By Christina Oatfield, Sustainable Economies Law Center Policy Director
I just stumbled upon an opinion piece by Adam Calo in the San Francisco Chronicle from several months back, which describes the crisis of farmland access and ownership facing beginning farmers. It very poignantly calls on farmers and eaters to engage in policy, specifically around farmland ownership and lack of access to farmland on reasonable lease terms for beginning farmers.
Calo compares the farmland access crisis to the urban housing crisis: "A plethora of small-farm training workshops, incubators, training organizations, and federal funding mechanisms provide technical assistance for farmers in the hope that new competencies will bring agricultural success. In a renter’s world, this simply is not enough. It would be like offering a tenant with a broken heater a course on appliance maintenance instead of challenging the landlord to uphold their rental contract and make the repair."
At the Sustainable Economies Law Center, we’ve been thinking along similar lines. A more just food system is inherently intertwined with a more just system of land distribution and ownership. We've been thinking about how to enable beginning farmers to become not just farm business owners, but also farmland owners. This raises lots of questions around finance of course, because beginning farmers need some pretty significant financial resources to buy land. Where will all that money come from?
Here's one idea. There are trillions of dollars in American's retirement savings and other long term savings accounts. We’ve been approached by middle class investors who have their retirement savings invested in Wall Street, but would prefer to invest in their local economy. Many of these investors would be willing to take a smaller return on investment and less liquidity if their investment dollars were financing more just and sustainable food systems. For this reason, Slow Money networks, Local Investing Opportunity Networks, and other similar groups have sprung up around the US to bring together small food and farm enterprise owners and potential investors to build relationships (some of these groups are not just focused on food and agriculture, but rather small, local businesses generally). Sometimes investment deals come out of these relationships. One thing to note about Slow Money is that it's slow. These investment deals don't happen fast because both the farmer or food producer and the investor put considerable time into each relationship before the first check is signed. This is partly due to securities laws which make it burdensome to invest unless investors are very wealthy or have a substantial personal relationship with the entrepreneur. And its partly due to the red tape around self-directed retirement savings accounts, where many ordinary Americans keep their long term savings. We think it’s time to reduce some of these legal barriers and enable more direct investors-to-farmer deals to happen.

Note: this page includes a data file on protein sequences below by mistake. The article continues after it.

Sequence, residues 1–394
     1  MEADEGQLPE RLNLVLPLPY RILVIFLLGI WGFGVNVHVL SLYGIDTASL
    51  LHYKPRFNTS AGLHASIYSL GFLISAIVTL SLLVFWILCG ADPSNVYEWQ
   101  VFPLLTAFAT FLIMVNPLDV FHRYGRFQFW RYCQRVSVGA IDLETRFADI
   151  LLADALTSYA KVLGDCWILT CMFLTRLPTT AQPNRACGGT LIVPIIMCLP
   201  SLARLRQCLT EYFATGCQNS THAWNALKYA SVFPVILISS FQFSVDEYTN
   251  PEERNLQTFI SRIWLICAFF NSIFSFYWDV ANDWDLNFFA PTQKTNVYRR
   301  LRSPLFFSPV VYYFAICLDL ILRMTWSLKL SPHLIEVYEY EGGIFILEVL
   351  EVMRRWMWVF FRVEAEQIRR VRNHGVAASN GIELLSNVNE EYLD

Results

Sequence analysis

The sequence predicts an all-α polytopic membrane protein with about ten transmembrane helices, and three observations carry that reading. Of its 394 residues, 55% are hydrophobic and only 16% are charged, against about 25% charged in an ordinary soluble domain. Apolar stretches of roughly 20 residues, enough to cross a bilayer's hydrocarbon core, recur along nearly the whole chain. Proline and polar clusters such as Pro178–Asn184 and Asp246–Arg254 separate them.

Another idea: what if ordinary savers could place a chunk of their retirement savings in a loan fund that would invest in many different sustainable and local farm enterprises? Loan fund investors could diversify their portfolio without needing to spend countless hours getting to know dozens of farmers and analyzing investment opportunities for each one, although there are many great reasons to get to know some farmers at least a little.
And what if there was a loan fund for farmland access for beginning farmers that was large enough to sustain investors putting money in and taking it out as their needs evolved? Retirees could withdraw their funds as younger investors begin to invest in the farmland access fund to save for their own retirement.
These are just some ideas we've been brainstorming as we've been taking a deeper dive into our grassroots finance work this year. Some of this work is already happening through loosely organized community groups, as well as nonprofit loan funds like RSF Social Finance, Northern California Community Loan Fund, California FarmLink, and others. We aim to uplift successful models, to develop more legal resources, and to serve new clients in ways that will help unlock some of the trillions of dollars that are invested in Wall Street. It's time to bring those dollars back into our local economy. And in that way we hope to support a new generation of more diverse, ecologically-minded, community-supported farmers.
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